Imperial acknowledges that students from Black and mixed Black backgrounds are underrepresented in the current student body and want to improve on this. As mentioned before, being around other Black students and witnessing their growth and development is inspiring so it’s important to make sure that there is more representation at the School.
The Black Future Leader Scholarship is one of the ways that the School wants to encourage more Black and mixed Black students to apply and showcase their potential. Open to all regions, the scholarship is available for all programmes and covers 50% of the recipient’s tuition. I’d encourage all Black students to apply. It’s also worth mentioning that there is a certain element of prestige and recognition that comes with securing a scholarship.
3. The importance of role models
Seeing ‘people like you’ is one thing. But seeing them in positions of influence and esteemed by others, brings the unattainable that bit closer. When I spoke to other Black students at the Business School, one point that was consistently made, was the importance of seeking Black academic staff.
This was beautifully captured by Full-Time MBA alumnus Teniola Essen, who is also the former head of the Africa Business Club, who noted the positive impact of Black academic staff on students. It sends a meaningful message to all students, black and white students alike, and every colour in between.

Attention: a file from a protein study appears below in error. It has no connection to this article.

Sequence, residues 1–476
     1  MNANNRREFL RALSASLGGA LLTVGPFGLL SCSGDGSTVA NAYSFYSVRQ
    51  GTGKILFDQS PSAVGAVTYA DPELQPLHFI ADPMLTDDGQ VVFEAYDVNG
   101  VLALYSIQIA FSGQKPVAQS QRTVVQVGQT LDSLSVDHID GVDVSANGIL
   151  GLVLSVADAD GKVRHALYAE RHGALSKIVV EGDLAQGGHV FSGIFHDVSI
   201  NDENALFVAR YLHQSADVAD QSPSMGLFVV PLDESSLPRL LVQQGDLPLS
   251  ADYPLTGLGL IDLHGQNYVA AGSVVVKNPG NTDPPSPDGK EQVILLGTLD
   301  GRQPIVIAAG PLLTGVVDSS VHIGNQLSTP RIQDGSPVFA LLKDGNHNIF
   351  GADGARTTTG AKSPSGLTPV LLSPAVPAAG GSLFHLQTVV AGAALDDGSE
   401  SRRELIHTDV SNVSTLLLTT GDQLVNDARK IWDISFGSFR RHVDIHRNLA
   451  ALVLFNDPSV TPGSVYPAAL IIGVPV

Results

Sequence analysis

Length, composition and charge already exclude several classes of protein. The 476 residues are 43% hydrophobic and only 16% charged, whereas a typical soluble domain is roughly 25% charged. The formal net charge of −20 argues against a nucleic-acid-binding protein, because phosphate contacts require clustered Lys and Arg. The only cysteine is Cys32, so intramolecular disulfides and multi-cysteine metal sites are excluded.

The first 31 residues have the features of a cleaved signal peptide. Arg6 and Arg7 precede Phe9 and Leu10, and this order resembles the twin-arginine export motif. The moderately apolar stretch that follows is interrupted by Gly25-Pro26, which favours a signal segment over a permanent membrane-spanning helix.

While the challenge of the lack of Black academic staff in academia is well known, there are other incremental steps that institutions can take to inspire and level-set. For example, I enjoyed the recent Dambisa Moyo book launch event, run by the Brevan Howard Centre, which is one of the Business School’s research centre. Dambisa is a renowned economist of Zambian heritage and is a member of the Barclays Bank Board. Hearing her speak about the purpose of the Board, and experiences on them was inspiring to many white and Black faces in the room alike.
Being a dual national myself, a British-Sierra Leoneon (born in the UK), I’m pretty chuffed to have also attended a talk by Yvette Stevens, MSc Electrical Power Systems and Machines 1974, who after graduating from Imperial, became Sierra Leone's first female engineer, and consequently an ambassador for her country (also the country of my heritage coincidentally). She was recently awarded this year’s Distinguished Alumni Award by Imperial. In her own words, “Being a student at Imperial is an advantage you need to make the most of. And there are other aspects to life at Imperial beyond your degree. Working with people from different cultures was really important for me. Of course, I had no idea I would end up working for the UN, but my time at Imperial prepared me for this. The education you get from Imperial is second to none.”
4. Representative programme content
Having case studies of successful Black businesses people and businesses or citing Black academics can inspire confidence and welcomed familiarity to black students. At Imperial, the School has introduced a compulsory ‘Working in Diverse Organisations’ module which teaches the foundations of unconscious bias and the benefits of diverse and inclusive workplaces. This is a great step in the right direction, and staff are being encouraged to identify and utilise case studies and people that represent their diverse student population.
In summary, all of these things and more convinced me to join Imperial College Business School, and have consequently reaffirmed my decision upon joining. Is there more to do? Of course there is, but I am filled with sense of pride and hope when I see the steps that have been taken so far.